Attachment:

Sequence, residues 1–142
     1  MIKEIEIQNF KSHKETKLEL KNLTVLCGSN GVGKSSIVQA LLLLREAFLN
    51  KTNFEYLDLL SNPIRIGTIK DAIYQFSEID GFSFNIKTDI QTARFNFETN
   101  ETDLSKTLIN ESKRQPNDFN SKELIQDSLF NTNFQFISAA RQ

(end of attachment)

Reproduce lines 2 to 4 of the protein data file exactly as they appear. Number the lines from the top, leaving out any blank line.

     1  MIKEIEIQNF KSHKETKLEL KNLTVLCGSN GVGKSSIVQA LLLLREAFLN
    51  KTNFEYLDLL SNPIRIGTIK DAIYQFSEID GFSFNIKTDI QTARFNFETN
   101  ETDLSKTLIN ESKRQPNDFN SKELIQDSLF NTNFQFISAA RQ